Author: Salesian Missions

Publication Date: October 17, 2020

INTERNATIONAL DAY FOR THE ERADICATION OF POVERTY: Salesian Missions highlights educational initiatives that help break the cycle of poverty

Programs in Argentina, Ghana, India and Papua New Guinea illustrate the work of Salesians around the globe that support this year’s theme of achieving social and environmental justice for all.

NEW ROCHELLE, NY (Oct. 17, 2020) Salesian Missions, the U.S. development arm of the Salesians of Don Bosco, joins humanitarian organizations and countries around the globe in honoring the International Day for the Eradication of Poverty held on Oct. 17 each year. This year also marks the 30th anniversary of the adoption of the United Nations Convention on the Rights of the Child (UNCRC) that took place on Nov. 20, 1989. UNCRC is a landmark human rights treaty that sets out the civil, political, economic, social and cultural rights of every child, regardless of race, religion or abilities.

The theme for this year’s International Day for the Eradication of Poverty is “Acting together to achieve social and environmental justice for all.” The United Nations noted, “The growing recognition of the multi-dimensionality of poverty means that these two issues are inseparably intertwined and that social justice cannot be fully realized without aggressively rectifying environmental injustices at the same time. Whereas progress has been made in addressing income poverty, there has been less success in addressing the other important dimensions of poverty, including the rapidly growing impact of the environment, within a more holistic approach.”

On May 18, Pope Francis inaugurated “Laudato Si’ Week” at the Vatican commemorating the fifth anniversary of the publication of his eco-encyclical with the same title. The week opened a wider year-long commemoration of the document aimed at spurring global citizens to adopt more sustainable practices. Through education and social development programming, including environmental projects, Salesian missionaries in more than 130 countries around the globe work to break the cycle of poverty and bring a sense of dignity to all those they serve.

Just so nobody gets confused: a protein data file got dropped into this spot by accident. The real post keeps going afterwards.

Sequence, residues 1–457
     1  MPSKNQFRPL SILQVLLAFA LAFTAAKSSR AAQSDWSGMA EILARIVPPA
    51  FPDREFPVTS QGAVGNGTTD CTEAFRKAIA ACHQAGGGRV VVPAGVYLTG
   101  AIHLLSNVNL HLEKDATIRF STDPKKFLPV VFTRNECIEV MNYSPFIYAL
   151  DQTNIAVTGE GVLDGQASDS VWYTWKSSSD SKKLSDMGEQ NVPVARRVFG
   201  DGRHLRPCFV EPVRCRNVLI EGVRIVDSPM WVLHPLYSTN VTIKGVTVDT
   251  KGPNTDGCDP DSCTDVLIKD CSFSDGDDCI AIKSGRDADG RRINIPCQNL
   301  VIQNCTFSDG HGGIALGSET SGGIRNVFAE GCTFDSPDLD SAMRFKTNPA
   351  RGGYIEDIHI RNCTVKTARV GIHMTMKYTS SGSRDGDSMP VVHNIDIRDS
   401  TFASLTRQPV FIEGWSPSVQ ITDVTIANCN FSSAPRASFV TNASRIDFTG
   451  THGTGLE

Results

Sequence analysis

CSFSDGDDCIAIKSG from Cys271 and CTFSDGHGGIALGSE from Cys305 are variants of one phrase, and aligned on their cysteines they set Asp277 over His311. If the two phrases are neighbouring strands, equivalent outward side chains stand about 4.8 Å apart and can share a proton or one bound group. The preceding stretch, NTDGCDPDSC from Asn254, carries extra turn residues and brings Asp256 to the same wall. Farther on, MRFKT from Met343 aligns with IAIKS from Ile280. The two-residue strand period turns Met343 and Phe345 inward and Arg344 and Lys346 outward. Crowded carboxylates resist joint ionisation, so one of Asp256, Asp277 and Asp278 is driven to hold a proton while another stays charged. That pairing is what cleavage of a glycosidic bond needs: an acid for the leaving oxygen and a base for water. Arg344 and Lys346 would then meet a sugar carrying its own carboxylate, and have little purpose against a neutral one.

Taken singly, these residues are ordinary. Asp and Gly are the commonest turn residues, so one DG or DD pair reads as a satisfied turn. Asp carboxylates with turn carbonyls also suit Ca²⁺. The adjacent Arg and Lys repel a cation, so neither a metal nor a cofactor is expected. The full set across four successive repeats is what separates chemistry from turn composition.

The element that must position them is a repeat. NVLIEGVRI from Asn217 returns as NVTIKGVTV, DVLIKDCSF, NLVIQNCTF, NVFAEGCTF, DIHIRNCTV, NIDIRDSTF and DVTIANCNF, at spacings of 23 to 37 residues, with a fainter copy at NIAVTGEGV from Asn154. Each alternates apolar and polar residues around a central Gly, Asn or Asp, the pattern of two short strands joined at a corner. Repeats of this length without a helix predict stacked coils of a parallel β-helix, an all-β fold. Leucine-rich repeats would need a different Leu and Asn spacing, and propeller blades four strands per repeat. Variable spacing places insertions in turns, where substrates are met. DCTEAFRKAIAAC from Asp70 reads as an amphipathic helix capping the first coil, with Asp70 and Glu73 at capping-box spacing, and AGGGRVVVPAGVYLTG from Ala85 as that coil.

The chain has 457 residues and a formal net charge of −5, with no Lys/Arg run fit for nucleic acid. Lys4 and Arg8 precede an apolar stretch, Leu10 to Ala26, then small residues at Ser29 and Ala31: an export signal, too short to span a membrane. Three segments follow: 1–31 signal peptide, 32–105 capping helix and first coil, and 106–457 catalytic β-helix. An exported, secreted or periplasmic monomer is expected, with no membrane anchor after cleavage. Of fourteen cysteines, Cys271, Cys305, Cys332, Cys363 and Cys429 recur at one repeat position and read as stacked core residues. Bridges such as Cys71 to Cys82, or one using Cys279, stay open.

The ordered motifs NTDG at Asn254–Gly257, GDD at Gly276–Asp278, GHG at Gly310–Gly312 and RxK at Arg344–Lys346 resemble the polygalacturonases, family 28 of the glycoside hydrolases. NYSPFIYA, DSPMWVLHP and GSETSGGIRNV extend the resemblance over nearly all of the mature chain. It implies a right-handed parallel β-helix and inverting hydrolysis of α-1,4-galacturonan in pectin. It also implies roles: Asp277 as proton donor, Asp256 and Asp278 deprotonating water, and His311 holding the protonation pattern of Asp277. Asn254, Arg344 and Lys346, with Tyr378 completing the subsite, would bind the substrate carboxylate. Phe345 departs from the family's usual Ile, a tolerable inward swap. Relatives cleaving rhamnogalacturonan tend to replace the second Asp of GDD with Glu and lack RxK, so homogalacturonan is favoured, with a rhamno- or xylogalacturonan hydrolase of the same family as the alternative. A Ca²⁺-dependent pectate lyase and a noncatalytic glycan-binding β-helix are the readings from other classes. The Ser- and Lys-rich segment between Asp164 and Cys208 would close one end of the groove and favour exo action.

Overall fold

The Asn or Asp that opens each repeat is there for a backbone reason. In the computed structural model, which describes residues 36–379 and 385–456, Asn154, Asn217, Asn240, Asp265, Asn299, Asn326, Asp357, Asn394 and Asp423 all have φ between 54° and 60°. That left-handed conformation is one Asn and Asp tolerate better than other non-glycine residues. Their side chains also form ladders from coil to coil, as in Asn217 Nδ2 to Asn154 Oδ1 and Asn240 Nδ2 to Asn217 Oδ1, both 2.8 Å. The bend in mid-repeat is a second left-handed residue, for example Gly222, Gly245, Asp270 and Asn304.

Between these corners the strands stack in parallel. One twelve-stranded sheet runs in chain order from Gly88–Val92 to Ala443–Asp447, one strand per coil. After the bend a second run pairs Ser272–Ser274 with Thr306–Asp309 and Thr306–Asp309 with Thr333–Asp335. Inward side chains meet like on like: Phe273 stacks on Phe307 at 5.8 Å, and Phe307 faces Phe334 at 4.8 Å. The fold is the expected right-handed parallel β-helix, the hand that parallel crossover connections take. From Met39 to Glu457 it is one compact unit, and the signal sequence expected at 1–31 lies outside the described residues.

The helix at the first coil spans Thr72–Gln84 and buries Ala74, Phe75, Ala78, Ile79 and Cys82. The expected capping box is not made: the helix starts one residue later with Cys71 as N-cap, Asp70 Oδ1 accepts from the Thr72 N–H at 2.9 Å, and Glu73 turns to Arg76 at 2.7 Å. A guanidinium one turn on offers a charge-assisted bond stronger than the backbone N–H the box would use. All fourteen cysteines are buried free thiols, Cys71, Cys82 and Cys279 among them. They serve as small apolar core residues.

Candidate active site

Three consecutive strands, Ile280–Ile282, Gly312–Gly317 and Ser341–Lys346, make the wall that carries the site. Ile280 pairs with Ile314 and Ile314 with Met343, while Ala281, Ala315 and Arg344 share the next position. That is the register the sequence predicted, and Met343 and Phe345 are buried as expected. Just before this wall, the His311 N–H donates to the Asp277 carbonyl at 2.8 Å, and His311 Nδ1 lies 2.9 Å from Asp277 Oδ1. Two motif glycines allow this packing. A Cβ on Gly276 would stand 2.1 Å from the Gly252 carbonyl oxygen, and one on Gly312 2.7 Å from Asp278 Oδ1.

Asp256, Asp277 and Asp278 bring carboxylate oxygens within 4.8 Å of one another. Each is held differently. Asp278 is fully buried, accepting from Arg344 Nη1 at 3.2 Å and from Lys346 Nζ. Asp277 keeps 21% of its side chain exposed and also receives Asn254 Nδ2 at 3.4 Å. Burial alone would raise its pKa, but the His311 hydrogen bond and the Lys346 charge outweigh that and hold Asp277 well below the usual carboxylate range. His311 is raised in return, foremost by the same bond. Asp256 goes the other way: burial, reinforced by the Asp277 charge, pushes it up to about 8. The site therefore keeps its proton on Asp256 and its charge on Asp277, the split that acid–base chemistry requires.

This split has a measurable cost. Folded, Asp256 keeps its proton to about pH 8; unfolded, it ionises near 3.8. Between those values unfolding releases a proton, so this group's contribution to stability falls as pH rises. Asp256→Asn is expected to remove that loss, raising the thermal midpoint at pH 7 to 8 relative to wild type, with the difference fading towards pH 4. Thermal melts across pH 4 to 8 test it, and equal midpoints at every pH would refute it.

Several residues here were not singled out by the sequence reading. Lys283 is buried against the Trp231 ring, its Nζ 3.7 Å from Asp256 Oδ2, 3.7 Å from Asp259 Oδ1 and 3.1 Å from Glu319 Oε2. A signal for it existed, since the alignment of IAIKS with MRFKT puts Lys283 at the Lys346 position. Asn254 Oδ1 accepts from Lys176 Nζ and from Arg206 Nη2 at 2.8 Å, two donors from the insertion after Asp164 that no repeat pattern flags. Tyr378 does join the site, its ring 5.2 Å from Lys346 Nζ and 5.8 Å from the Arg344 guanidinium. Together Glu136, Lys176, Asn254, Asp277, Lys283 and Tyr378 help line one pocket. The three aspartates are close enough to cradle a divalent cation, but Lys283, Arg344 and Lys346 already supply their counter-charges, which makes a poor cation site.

Whether it’s combating child labor, assisting homeless youth or building schools where children previously had no access to education, Salesian missionaries are ensuring those in need have access to programs and services. Working in more than 5,500 Salesian educational institutions and youth centers around the globe, missionaries educate children in some of the poorest places on the planet.

“Education is a primary pathway out of poverty, and we work to ensure that all children have access to a solid educational foundation,” said Father Gus Baek, director of Salesian Missions. “Salesian educational programs provide youth the education and technical training skills they need to prepare for employment and have productive lives while becoming contributing adults in their communities. Programs also go beyond traditional education and help youth understand their relation to their community and the world around them. Environmental programs help youth give back to their communities and understand their environmental impact.”

In honor of the International Day for the Eradication of Poverty, Salesian Missions is proud to highlight initiatives that help to break the cycle of poverty for youth and their families.


The Don Bosco Oratory in Santiago del Estero, Argentina, continues its “Young farmers, toward responsible and sustainable participation” project, which was launched in 2018. The project provides basic training in environmental subjects and includes workshops, separate waste collection and the creation of agro-ecological gardens.

Although some workshops have been suspended during the coronavirus lockdown period, workshops have also been developed. These include courses in autochthonous forest and forest nursery, management of native forests and forests, agro-ecological gardens, and education and environmental management.

In 2019, the Don Bosco Oratory created an agro-ecological vegetable garden and a separate collection and recycling system for waste in the oratory building. Given how successful the program has been to date, staff with the oratory are working to bring project initiatives to the community.

A new project set to launch will provide a virtual environmental program to help teach families and children to create their own gardens at home. The Don Bosco Oratory is working on gathering seeds to be planted and obtaining the permits necessary to meet official regulations. Salesian staff members are also assessing local climate conditions where youth live so that their horticultural activity can be carried out with success.